China: Migrant workers travel home for Lunar New Year


Chinese police keep watch as migrant workers and students buy train tickets home for the annual Chinese New Year holidays, at the Beijing Train Station on Jan. 15, 2012. The world's largest annual migration of people begins in China on Jan. 15 with millions of travellers boarding public transport to journey across the vast country for the Lunar New Year celebrations.


Mark Ralston

China will say goodbye to the rabbit this weekend and welcome back the potentially powerful year of the dragon.

The weekend kicks off the world's largest holiday travel season, but for tens of millions of Chinese migrant workers, it's not always a happy holiday, particularly the getting home part.

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For most migrant workers, the Lunar New Year is their only trip home to visit faraway families, often visiting the children they've left behind with relatives.

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China's newly unveiled online train ticket buying system has created misery and frustration for many, and Chinese media and social media are reporting daily on the perils and problems of migrants trying to get home.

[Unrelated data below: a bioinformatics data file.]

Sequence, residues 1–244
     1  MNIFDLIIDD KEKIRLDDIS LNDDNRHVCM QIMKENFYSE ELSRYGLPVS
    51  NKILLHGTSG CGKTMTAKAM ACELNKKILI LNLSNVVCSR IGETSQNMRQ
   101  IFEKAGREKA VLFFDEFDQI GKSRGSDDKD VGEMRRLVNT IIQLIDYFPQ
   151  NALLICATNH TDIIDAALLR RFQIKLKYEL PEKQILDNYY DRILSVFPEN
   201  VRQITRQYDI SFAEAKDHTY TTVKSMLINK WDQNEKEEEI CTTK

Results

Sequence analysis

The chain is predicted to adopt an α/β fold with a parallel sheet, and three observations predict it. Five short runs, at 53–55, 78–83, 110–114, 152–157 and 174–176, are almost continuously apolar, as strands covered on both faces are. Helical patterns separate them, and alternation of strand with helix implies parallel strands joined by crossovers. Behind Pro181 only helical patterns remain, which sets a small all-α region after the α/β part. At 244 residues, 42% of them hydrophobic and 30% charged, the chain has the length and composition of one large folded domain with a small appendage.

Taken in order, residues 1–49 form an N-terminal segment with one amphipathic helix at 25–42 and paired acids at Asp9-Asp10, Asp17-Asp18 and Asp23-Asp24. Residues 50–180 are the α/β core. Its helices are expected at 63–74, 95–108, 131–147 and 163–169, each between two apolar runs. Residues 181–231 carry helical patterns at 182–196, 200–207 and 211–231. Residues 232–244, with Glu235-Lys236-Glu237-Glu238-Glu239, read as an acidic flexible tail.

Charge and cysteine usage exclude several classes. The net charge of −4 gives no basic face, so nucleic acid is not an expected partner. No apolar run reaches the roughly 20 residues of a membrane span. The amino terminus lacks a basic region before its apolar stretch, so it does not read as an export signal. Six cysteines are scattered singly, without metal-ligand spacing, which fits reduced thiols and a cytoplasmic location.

In one of the most extreme examples, a 30-year-old migrant worker in Shenzhen tried to kill himself after failing to obtain a ticket home for the holidays, according to a report in Caijing magazine. The man survived jumping off a highway bridge.

The online ticketing system has made booking train tickets tougher for migrants, rather than easier, many have said. But even those with easy access to computers and the Internet report frequent system crashes and spending hours and days online trying to book spots home.